► Project CARS 2 preview
► Improvement to game mechanics
► On PS4, Xbox One and PC from 22 Sept
Racing games have become almost life-like in their execution in recent years. Along with the original Project CARS, the Forza Motorsport franchise, Gran Turismo series and hardcore racing sims like Assetto Corsa are turning up the heat in terms of visuals, sound quality and driving feel.
And that is regardless of whether you’re a pro gamer with an expensive wheel-and-racing-seat combo or simply use a controller to get your racing fix.
The original Project CARS game was generally well-received, but my personal experience of it wasn’t entirely brilliant. I played it on Xbox One with a regular controller and found the handling system a little too twitchy to modulate properly, the menu system baffling and the AI sometimes bounced from robotic to neurotic.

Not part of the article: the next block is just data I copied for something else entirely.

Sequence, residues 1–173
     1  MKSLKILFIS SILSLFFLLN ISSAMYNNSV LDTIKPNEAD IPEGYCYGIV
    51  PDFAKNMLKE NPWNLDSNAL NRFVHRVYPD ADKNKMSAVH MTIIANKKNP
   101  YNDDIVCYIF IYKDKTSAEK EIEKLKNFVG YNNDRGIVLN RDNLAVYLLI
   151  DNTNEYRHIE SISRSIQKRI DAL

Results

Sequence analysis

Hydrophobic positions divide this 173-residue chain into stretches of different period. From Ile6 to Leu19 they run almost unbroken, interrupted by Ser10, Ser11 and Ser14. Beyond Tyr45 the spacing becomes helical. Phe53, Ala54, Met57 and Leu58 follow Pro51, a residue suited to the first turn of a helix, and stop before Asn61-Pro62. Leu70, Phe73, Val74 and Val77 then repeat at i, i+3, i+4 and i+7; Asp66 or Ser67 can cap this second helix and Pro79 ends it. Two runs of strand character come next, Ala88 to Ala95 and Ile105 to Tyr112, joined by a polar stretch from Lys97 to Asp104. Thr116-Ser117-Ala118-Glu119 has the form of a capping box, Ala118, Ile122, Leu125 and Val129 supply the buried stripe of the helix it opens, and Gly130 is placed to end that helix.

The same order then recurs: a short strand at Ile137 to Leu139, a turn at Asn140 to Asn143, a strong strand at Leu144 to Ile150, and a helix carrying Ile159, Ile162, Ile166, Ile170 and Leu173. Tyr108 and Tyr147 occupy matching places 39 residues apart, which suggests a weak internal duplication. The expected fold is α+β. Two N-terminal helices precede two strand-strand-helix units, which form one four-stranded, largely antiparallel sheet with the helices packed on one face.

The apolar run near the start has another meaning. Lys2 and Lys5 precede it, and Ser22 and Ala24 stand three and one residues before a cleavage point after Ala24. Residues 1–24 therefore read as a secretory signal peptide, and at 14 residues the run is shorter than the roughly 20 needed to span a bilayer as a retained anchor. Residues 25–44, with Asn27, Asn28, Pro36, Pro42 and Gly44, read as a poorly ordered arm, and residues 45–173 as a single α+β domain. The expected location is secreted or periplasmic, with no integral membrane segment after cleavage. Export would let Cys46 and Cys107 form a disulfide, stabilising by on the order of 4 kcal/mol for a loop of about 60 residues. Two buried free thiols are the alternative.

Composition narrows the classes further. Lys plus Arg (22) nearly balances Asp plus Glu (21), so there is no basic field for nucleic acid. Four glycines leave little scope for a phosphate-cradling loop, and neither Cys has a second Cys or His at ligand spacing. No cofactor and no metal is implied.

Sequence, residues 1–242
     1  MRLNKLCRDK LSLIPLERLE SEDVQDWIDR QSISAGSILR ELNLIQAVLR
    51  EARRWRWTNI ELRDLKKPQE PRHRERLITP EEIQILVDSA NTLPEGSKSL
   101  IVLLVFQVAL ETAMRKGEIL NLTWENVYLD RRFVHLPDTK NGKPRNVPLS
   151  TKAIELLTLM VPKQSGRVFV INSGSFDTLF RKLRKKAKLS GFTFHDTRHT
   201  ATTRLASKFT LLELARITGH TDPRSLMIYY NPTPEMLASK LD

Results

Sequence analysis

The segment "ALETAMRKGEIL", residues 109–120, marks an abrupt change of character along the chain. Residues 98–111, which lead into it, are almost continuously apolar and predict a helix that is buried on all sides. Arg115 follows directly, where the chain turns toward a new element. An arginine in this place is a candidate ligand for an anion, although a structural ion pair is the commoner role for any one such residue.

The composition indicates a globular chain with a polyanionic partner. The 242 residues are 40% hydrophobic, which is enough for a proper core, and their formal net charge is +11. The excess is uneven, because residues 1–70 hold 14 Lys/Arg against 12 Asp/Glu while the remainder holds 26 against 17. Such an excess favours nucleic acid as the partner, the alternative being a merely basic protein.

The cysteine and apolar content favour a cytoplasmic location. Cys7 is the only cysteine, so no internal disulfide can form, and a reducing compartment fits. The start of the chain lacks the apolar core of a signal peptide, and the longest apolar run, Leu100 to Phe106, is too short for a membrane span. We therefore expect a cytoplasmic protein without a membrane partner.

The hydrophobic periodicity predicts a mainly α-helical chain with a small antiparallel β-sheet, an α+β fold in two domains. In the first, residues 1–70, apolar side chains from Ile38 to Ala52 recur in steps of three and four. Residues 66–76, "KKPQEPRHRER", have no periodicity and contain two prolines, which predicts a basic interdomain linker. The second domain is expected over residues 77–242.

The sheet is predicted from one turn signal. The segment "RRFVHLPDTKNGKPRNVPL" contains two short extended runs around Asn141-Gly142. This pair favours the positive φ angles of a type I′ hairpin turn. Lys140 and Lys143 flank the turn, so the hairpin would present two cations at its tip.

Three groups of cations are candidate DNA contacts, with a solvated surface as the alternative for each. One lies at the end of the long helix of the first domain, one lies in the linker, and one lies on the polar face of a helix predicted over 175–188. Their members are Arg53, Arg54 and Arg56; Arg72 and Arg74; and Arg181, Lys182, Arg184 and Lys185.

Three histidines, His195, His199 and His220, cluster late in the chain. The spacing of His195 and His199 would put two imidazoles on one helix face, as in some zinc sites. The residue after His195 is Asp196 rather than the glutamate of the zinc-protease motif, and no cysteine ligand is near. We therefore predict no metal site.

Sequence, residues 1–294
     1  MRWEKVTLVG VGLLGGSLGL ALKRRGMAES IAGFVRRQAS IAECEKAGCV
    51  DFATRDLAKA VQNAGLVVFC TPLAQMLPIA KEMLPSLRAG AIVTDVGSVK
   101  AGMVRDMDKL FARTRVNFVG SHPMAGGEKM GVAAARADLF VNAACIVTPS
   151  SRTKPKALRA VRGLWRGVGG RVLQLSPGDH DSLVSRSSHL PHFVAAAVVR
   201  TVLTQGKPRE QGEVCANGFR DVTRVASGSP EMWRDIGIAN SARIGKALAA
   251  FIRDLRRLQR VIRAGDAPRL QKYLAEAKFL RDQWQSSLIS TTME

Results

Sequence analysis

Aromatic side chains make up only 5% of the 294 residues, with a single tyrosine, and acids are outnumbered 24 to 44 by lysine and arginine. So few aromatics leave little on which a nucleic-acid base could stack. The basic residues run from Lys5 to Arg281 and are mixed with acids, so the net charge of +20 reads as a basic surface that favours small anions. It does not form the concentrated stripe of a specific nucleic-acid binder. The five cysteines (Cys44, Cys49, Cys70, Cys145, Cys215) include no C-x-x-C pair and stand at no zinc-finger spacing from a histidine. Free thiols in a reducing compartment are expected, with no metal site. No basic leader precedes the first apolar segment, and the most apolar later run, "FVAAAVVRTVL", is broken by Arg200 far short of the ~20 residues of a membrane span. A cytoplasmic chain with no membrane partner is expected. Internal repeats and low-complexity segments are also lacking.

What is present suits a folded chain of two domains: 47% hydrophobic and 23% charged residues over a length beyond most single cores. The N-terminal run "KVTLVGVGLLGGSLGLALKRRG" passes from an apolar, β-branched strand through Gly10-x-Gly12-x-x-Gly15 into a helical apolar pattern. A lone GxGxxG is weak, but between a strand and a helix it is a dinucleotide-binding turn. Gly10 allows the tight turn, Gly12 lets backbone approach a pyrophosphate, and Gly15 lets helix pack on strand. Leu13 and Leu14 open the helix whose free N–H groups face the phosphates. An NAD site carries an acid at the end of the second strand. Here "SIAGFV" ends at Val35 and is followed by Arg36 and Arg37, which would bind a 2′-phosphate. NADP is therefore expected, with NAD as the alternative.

It was satisfying when you won a race, or even came in the top three, but the stress leading up to that didn’t always balance it out. Many players really enjoyed it, but I couldn’t help but wish for a bit of fine-tuning.
What has changed in Project CARS 2?
More tracks, more cars and more flexibility.
There are 60 different locations (compared to 35 in PC1), including everything from the Nurburgring, Spa and the Circuit de la Sarthe at Le Mans to city circuits like Long Beach plus karting tracks, wafty road routes and mudbath rallycross loops. There are 130 different courses within these locations – 30 more than in the first game.
Around 180 cars populate PC2’s virtual garage and you’re well catered for no matter what your motorsport poison is. During our time with the game, we wafted along a Californian highway in a Mercedes-AMG C63 S Coupe, thrashed a Vulcan around the Silverstone GP circuit and blatted around the Lånkebanen Hell rallycross circuit in a Honda Civic RX. There are even historical versions of certain tracks, so we could race on the original Spa circuit in a 1972 Lotus Cosworth F1 car, for example.